Today’s Bible reading: 1 Chronicles 16:37-18:17; Romans 2:1-24; Psalm 10:16-18; Proverbs 19:8-9
In 1 Chronicles 16:37-43 David specifically chooses certain people to perform certain tasks. Nothing gets done in life (at least not properly) without someone competent doing them. David did not just assume someone would do them, nor did he just expect “someone” (anyone) to do them. He chose these people by name (1 Chronicles 16:41) – knowing they were the best people for the job. This is a good example of leadership.
In 1 Chronicles 17 David desires to build God a permanent structure to house The Ark of the Covenant (1 Chronicles 17:1). This would have been essentially a house for God. But God says “no” (1 Chronicles 17:4). Sometimes we want to do something for God that is not what He wants for us. Maybe we’re not the best one to do it. Or maybe He has something else for us to do. Whatever the reason we need not be upset or sad about it.
Instead of David building a house for God, God will build a house for David in the form of a dynasty (1 Chronicles 17:7-10) that would rule forever. Although the kingly line of David was eventually broken due to sin, Jesus came on the scene and it was He who would have an everlasting reign over all the earth. Jesus, by the way, was a descendant of David which means that God kept the promise He made here.
In Romans 1 Paul wrote a vast list of sinful behaviors that separate people from God. In Romans 2:1 he reminds anyone who would condemn such behavior that they are just as bad. We are all sinners. Some of the sins we commit are different. Some are the same. But we should not look at anyone else and think we are less of a sinner. We are not.
Some may wonder why God doesn’t punish sin. Paul tells us in Romans 2:4 that God’s kindness and patience is meant to turn people towards Him and away from sin. Think about it. If someone treats you harshly for a mistake you make would you want to be closer or further from that person? How about someone who treats you kindly despite your mistake? By being kind to the sinner, God is trying to draw closer to that person.
Obedience is what makes us right with God (Romans 2:13). Since none of us obey God 100% of the time we are all in need of a savior who could get us right with God. That Savior is Jesus.
The Jews back then (and even today) believed that they would get special treatment from God because they were the ones to whom God gave “the law” (what we call the Old Testament). But that is not true. God shows no favoritism (Romans 2:11). Everyone’s life will be judged (Romans 2:16) – even the things no one else knows about. God knows everything.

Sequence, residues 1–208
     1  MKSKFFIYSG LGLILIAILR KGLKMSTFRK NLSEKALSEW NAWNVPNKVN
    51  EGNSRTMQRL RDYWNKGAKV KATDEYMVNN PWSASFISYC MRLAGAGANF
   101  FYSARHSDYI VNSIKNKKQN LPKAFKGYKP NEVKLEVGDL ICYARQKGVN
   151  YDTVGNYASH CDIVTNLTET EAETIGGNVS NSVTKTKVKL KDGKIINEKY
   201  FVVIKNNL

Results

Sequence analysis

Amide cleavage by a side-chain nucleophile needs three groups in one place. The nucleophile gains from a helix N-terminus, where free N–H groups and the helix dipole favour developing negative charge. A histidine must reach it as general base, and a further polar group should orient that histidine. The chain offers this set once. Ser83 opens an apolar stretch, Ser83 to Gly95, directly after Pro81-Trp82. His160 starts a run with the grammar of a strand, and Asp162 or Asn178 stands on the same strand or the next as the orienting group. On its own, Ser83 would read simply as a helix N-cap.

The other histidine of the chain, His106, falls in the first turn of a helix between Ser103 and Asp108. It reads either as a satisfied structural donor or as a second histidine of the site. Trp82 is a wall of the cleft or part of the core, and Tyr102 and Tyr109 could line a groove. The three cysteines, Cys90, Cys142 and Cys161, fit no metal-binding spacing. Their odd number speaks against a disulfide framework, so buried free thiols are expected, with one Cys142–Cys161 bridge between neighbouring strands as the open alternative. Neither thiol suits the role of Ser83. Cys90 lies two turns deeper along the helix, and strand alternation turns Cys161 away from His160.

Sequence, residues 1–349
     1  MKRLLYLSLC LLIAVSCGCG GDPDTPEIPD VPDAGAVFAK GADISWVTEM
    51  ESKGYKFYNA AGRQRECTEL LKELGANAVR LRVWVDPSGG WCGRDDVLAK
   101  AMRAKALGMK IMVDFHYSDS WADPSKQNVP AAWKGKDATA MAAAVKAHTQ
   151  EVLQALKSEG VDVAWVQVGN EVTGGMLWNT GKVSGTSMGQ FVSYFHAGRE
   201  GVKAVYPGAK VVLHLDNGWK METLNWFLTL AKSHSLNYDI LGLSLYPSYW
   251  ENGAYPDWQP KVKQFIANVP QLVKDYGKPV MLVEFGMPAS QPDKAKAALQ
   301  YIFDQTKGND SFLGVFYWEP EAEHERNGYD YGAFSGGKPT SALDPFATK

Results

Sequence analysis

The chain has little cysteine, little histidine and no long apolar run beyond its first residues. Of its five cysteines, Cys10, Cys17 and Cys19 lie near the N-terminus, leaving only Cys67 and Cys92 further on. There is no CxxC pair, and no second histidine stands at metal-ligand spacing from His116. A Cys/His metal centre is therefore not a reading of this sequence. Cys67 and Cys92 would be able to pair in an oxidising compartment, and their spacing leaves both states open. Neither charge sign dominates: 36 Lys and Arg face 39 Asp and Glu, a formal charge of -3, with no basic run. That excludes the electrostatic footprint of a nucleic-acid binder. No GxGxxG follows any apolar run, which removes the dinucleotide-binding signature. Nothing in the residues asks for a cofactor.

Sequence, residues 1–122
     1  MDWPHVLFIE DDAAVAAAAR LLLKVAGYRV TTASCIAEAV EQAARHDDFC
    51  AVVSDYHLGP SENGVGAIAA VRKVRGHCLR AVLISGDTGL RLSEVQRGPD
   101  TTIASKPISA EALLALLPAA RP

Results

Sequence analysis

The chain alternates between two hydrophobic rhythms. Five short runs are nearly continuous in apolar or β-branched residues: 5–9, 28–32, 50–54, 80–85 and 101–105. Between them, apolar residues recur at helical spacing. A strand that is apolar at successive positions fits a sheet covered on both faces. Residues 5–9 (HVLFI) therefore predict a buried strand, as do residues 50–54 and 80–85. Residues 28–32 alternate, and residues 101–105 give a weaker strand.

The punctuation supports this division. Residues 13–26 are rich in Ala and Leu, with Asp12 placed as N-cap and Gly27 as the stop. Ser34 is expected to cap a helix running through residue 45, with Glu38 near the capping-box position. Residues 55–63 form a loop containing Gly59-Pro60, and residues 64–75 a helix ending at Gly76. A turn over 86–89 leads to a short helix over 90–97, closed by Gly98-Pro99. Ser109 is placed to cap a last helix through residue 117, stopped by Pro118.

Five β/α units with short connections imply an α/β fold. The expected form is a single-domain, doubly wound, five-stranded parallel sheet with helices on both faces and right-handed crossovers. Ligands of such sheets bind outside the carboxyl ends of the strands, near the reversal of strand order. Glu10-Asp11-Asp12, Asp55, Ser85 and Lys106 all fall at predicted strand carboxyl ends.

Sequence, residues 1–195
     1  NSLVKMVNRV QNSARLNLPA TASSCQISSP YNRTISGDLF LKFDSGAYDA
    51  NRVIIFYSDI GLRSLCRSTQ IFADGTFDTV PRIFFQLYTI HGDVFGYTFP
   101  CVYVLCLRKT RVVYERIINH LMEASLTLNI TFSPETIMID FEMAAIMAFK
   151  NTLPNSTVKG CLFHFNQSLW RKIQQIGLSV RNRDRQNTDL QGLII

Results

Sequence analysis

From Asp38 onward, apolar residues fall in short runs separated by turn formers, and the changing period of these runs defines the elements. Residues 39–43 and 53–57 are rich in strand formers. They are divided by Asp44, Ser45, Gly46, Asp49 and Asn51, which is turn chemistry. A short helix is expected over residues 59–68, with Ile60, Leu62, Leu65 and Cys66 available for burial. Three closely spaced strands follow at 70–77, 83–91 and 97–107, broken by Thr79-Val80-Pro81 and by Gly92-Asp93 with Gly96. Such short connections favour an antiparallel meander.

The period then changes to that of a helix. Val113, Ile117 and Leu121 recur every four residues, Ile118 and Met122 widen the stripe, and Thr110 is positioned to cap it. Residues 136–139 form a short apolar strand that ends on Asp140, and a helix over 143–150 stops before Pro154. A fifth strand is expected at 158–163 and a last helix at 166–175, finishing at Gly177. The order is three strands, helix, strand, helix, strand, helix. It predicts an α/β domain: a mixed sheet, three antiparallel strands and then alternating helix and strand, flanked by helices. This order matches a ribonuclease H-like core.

Romans 2:23-24 is a great warning to Christians. When we break God’s law we are setting a poor example to non-believers. They see us sinning and think we are hypocrites. This causes them to distance themselves from God. None of us can be perfect – and non-believers need to realize that – but us Christians need to understand that we are being watched. Our behavior is noticed. We should not knowingly sin. And when we realize that we have we need to admit it and repent of it to the same public extent that we committed it.
During the first part of Psalm 10 the author laments the sin he sees around him. He ends the Psalm on a confident note in today’s portion. God is king. The ungodly will be banished from His presence (Psalm 10:16). As we learned in our reading today, God lets sin go on because He is giving people a chance to repent and turn to Him. But at some point time will be up. God does hear the cries of those in pain (Psalm 10:17) and will bring justice (Psalm 10:18). We can have great confidence in Him.
Proverbs 19:8 is great! We read a lot in the Bible about loving God or loving others. But loving ourselves is also very Biblical and one way we can love ourself is by improving ourself through learning. Taking a class is a way of loving yourself. Learning a new language or how to play a musical instrument are ways to love yourself. And of course, learning more about God from His word is as well.
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